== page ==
Lionel Messi is not the kind of player to be beset by self-doubt. As the Argentinian ace readied himself to take a vital penalty against Chile keeper Claudio Bravo on Thursday evening, however, it would have been entirely understandable if his mind had flashed back to the two recent Copa America finals between the countries, both of which the Chileans won in penalty shootouts.
The No10 missed in the second of those shootouts, at USA 2016, firing the ball over the bar and deciding after the game to retire from international football, albeit temporarily. Yet Messi banished memories of that errant effort, coolly driving the ball to Bravo’s left and inside the post to help La Albiceleste register a crucial win in their quest to qualify for the 2018 FIFA World Cup Russia™.
There were 16 minutes on the clock at the Monumental when Chile’s Jose Fuenzalida brought down the surging Angel Di Maria in the box. A roar went up in the stands to greet the award of the penalty, though silence quickly descended on the stadium. Excited at the prospect of the spot-kick, the home fans were also gripped by fear, the fear of yet another penalty being spurned against Chile, a fear heightened by the fact that Sergio Aguero had missed the only penalty the Argentinians had been awarded since that final in the States last year, in the 1-0 defeat to Paraguay last October.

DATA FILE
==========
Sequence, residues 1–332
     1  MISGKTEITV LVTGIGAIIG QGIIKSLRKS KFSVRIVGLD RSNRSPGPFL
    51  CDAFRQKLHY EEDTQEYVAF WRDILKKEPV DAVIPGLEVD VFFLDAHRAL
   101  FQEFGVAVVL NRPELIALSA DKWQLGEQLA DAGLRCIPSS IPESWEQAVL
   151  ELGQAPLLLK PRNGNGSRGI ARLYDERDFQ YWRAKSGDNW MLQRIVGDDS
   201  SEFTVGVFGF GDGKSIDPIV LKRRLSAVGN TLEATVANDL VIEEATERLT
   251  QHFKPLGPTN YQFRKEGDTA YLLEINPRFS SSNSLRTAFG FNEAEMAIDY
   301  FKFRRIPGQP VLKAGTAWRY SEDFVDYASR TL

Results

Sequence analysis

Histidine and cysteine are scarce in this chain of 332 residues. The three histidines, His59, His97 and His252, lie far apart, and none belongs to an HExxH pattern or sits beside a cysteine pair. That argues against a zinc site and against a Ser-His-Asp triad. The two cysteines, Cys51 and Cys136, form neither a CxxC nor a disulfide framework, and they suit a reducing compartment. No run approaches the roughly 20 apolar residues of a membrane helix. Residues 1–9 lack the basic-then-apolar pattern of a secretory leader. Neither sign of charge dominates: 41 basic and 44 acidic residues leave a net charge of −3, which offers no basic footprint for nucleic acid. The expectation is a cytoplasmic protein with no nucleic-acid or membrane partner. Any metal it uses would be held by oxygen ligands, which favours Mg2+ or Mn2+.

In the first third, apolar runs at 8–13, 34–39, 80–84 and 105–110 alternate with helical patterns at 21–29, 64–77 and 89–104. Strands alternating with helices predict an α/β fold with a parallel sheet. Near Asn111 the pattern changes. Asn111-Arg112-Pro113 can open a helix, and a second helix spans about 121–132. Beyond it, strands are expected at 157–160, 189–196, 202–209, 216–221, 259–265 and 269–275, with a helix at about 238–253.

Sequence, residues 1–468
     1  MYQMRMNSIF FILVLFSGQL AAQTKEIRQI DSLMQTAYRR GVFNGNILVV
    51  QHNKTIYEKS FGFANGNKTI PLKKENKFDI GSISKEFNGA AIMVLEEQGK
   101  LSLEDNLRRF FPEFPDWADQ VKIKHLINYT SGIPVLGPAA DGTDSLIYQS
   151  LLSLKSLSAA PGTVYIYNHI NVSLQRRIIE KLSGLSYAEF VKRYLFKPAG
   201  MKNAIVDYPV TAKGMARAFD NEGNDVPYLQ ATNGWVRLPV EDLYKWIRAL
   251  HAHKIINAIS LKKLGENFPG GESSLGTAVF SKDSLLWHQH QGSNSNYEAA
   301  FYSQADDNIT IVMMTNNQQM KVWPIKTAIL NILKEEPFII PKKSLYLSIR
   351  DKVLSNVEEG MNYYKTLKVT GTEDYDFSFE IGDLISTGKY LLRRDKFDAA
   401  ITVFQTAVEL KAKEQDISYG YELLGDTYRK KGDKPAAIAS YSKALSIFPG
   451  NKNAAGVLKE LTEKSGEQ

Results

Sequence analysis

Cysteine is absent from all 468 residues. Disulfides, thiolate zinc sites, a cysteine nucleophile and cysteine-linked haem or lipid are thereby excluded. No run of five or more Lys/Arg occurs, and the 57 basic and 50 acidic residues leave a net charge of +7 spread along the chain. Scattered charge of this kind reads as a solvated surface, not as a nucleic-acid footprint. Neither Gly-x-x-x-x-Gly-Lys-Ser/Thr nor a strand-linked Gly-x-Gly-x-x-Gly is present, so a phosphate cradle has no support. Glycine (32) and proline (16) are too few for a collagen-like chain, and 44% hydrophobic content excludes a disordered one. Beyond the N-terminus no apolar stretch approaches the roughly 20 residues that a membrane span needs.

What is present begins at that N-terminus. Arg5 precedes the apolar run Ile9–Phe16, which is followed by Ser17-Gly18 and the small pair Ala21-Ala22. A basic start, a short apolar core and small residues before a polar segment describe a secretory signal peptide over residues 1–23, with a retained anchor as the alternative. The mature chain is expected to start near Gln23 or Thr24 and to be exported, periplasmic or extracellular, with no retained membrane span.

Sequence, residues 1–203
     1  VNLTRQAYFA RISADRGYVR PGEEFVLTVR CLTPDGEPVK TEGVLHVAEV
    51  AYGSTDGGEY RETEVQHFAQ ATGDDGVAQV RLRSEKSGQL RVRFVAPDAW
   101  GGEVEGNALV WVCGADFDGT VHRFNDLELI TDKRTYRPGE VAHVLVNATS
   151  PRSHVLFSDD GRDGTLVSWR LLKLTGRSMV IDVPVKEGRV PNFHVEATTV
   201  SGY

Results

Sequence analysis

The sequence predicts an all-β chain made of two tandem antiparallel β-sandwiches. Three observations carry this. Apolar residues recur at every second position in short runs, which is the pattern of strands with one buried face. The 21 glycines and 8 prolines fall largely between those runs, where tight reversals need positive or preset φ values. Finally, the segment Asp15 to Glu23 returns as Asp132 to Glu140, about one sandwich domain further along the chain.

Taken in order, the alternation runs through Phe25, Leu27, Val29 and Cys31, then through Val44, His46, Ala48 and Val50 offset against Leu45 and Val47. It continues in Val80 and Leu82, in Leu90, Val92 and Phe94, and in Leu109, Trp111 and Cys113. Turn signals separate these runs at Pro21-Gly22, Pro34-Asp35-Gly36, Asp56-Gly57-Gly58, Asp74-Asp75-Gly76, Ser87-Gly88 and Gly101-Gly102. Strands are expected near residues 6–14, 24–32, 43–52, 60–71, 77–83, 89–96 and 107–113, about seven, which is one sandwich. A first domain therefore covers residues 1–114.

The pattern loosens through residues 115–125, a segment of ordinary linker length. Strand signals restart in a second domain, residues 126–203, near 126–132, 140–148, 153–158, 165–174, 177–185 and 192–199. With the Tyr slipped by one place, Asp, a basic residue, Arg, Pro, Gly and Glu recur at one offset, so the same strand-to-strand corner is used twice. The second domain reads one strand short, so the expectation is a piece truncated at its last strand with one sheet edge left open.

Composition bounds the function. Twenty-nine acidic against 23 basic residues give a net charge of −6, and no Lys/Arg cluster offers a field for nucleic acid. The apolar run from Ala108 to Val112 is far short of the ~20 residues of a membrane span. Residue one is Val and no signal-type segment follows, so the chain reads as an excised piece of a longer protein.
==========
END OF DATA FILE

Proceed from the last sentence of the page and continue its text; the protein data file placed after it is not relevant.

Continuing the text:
I do not think the team is Messi-dependent.
If there were any doubts in Messi’s head, he did not show them, putting the ball past Bravo in exactly the same way as he had done in the shootout that settled the 2015 Copa America final.
What was different on this occasion was the outcome of the match, with Argentina going on to celebrate a vital win that moved them up from the play-off spot in the South American qualifying competition and into third. In the process, the Argentinians bumped La Roja down to sixth and out of the qualification places altogether.
Messi’s value to his side cannot be underestimated. The No10 has now scored three of Argentina’s five goals in the three wins they have registered since Edgardo Bauza took over as coach last September. Messi it was who got the only goal against Uruguay that month. Messi it was who scored the opener in the 3-0 defeat of Colombia in November (the other goals coming from Lucas Pratto and Di Maria). And Messi it was who put Chile to the sword on Thursday.
Bauza has denied that his captain's importance to the team should be considered cause for concern. "I do not think the team is Messi-dependent,"he said after last night's win. "For me, the team played a great game that contained a great team like Chile. We won against a great rival."
His coach may downplay Messi's importance but, in the Barcelona star's absence, Argentina lost on that visit to Paraguay and could only draw with Peru and Venezuela. The only defeat Messi has figured in during Bauza’s reign came in last November’s clásico against a Brazil side featuring his club-mate Neymar, a defeat that can perhaps be explained by the fact that he failed to get on the scoresheet.
The Argentinian icon has now scored 18 goals in World Cup qualifying matches, the first of them coming against Venezuela in October 2007. With the exception of the meeting with Colombia that same year, his side has won every qualifier in which he has found the net, the latest being the one in which he single-handedly exorcised the ghosts of Copa America shootouts past.